Built by engineer Tommy Flowers in 1943, the Colossus computer was the first digital, programmable, and electronic computing device. The machine was used by British code breakers during World War II to help decipher messages encrypted with the German Lorenz SZ40/42 machine.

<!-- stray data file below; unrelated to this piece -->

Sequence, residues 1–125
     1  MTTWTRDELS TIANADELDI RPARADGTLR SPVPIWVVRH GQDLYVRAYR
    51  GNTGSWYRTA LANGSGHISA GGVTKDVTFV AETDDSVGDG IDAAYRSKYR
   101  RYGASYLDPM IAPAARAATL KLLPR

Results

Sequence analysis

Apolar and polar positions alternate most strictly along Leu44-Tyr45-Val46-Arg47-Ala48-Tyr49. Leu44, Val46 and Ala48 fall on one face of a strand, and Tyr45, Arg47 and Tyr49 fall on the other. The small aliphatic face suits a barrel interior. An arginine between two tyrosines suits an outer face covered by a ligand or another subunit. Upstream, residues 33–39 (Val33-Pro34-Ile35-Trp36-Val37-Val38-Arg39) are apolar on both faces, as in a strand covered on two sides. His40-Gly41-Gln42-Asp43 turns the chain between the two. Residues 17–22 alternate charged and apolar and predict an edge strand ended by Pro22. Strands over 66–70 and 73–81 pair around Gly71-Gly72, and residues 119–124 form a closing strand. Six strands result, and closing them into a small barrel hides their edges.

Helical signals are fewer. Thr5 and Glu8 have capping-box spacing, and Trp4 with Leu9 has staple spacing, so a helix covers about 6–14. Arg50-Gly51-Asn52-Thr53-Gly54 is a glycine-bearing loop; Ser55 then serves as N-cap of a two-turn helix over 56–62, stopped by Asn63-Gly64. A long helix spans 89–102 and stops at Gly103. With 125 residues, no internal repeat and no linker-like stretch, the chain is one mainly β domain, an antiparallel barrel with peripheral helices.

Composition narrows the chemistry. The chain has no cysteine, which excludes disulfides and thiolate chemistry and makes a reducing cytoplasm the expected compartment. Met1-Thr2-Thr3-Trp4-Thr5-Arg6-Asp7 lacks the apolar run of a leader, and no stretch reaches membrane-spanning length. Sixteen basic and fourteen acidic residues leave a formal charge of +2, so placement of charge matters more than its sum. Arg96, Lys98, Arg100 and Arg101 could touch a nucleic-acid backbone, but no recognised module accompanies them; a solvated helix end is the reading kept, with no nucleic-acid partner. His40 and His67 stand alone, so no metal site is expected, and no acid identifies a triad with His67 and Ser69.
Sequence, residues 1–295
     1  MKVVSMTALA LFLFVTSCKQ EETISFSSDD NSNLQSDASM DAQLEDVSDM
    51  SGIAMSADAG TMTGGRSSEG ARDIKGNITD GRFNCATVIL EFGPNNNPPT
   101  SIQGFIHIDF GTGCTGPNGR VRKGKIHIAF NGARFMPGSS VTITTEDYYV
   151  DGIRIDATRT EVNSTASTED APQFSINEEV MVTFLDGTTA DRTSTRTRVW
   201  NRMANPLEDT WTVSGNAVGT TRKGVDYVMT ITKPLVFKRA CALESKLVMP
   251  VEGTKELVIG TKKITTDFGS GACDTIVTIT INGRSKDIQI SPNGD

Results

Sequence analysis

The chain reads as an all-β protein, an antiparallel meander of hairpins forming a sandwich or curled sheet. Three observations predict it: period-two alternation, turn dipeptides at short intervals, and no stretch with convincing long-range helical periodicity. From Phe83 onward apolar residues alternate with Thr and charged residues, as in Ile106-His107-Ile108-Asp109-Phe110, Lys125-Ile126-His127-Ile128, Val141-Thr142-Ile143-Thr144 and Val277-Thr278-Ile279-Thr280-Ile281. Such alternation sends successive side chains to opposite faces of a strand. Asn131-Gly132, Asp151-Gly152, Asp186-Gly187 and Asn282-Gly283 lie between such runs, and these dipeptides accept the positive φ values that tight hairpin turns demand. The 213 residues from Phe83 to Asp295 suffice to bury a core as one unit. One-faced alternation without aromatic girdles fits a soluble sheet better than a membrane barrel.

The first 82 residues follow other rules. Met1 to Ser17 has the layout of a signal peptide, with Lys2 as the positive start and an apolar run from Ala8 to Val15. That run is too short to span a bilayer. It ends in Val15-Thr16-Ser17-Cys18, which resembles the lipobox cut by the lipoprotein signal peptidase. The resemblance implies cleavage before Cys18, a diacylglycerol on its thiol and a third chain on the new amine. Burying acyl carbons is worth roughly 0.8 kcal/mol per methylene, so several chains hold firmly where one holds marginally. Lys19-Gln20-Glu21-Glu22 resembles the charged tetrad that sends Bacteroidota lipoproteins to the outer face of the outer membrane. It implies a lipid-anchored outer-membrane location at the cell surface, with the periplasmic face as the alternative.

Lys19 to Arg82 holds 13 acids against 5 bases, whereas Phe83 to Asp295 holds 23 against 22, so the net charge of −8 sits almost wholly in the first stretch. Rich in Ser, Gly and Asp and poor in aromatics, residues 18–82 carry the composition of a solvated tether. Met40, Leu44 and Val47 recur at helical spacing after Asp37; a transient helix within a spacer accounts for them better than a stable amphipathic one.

In 1993, Tony Sale started the Colossus Rebuild Project and in 1994 a team led by Sale began to recreate the massive machine at The National Museum of Computing at Bletchley Park in the UK. On June 6th, 1996, the recreated Colossus was first switched on, and by 2007 a fully functional replica of the Colossus Mark 2 was completed.
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